...Then there was the question of intellectual property. HP owned all of NMCI’s designs. Without that information, the Navy couldn’t really begin to plan for the Navy’s Next Generation Enterprise Network, or NGEN. (The new network had to be based on the old one, after all.) Which meant the military needed yet another agreement with Hewlett-Packard if they ever hoped to separate from the company. “Without access to the infrastructure and technical data associated with NMCI, we can’t hold an open competition,”...
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  4. Honis's Avatar
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    #4  
    It surprises me that the Navy would even agree to a contract where they wouldn't own the product (network) at the end in the first place.

    With all the ship, plane, etc contracts the Navy owns the product and all work done under that contract. It's to prevent a company like Lockheed from upping the price on the next 30 F-35s an unreasonable amount. The reason Lockheed wouldn't do that is the Navy would gather up all the blueprints, software, etc. and ask if anyone else (Northrup, Boeing, etc.) would like to make some planes (and money). (Just an example, not knocking Lockheed and it's inability to keep a schedule...) It also gives the Navy some reassurance that the plane can be produced regardless of the financial status of the contracted company. An example would be if the commercial branch of Boeing tanked dragging its military branch into bankruptcy and closure (usually only a problem with smaller companies not behemoths like Boeing, Lockheed, Northup).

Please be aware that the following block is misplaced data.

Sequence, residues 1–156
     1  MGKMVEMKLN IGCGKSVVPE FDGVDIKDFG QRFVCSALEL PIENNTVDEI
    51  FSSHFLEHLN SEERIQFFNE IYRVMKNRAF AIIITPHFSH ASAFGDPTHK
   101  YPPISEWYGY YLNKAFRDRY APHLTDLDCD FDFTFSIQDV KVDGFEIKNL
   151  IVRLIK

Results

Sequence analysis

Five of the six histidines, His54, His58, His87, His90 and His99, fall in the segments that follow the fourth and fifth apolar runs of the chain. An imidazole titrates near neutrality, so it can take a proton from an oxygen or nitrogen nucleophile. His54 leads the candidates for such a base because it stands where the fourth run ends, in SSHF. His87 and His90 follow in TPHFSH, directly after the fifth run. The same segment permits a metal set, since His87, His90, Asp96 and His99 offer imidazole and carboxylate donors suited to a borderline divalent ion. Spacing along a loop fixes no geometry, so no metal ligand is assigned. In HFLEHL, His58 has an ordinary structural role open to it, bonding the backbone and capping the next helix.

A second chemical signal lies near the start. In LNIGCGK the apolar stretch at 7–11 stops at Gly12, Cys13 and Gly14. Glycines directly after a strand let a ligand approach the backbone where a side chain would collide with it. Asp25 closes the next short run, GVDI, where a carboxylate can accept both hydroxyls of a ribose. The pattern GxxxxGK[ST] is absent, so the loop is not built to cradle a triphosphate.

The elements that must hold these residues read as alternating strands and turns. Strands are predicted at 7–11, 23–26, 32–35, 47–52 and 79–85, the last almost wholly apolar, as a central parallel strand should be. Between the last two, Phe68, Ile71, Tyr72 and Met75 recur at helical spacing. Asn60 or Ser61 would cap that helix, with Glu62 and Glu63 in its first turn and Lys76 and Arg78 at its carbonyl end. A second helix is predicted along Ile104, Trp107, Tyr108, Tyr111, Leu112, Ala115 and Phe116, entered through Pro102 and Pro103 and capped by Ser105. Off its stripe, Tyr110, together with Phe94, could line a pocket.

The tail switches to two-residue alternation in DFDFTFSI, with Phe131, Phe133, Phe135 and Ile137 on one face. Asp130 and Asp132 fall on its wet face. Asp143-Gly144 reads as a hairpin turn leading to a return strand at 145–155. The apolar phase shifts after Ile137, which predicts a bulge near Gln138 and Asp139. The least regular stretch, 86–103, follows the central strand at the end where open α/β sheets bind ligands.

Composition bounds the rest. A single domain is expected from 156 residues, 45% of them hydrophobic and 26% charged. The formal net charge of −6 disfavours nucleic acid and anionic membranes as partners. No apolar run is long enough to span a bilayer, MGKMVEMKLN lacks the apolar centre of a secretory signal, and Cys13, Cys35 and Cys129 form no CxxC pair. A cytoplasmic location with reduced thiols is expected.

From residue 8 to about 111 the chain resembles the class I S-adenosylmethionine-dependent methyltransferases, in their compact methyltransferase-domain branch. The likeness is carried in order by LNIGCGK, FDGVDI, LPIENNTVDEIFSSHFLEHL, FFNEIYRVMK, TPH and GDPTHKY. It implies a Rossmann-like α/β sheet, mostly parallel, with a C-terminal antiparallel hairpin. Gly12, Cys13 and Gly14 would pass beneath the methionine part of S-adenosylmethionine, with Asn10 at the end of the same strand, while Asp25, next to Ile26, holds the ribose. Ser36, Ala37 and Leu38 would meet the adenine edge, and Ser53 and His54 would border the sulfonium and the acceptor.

I see the latest contract is more of what I would expect from the USG.
    I'm a man, but I can change, if I have to, I guess.
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  5. #5  
    Quote Originally Posted by Honis View Post
    It surprises me that the Navy would even agree to a contract where they wouldn't own the product (network) at the end in the first place.

    With all the ship, plane, etc contracts the Navy owns the product and all work done under that contract. It's to prevent a company like Lockheed from upping the price on the next 30 F-35s an unreasonable amount. The reason Lockheed wouldn't do that is the Navy would gather up all the blueprints, software, etc. and ask if anyone else (Northrup, Boeing, etc.) would like to make some planes (and money). (Just an example, not knocking Lockheed and it's inability to keep a schedule...) It also gives the Navy some reassurance that the plane can be produced regardless of the financial status of the contracted company. An example would be if the commercial branch of Boeing tanked dragging its military branch into bankruptcy and closure (usually only a problem with smaller companies not behemoths like Boeing, Lockheed, Northup).

    I see the latest contract is more of what I would expect from the USG.
    not completely true. inorder to get China to buy a couple of $trillion in bonds last year, the navy had to give them part of their fleet and agree to a 99 year lease back from the Chinese. (of course, that's just a joke)...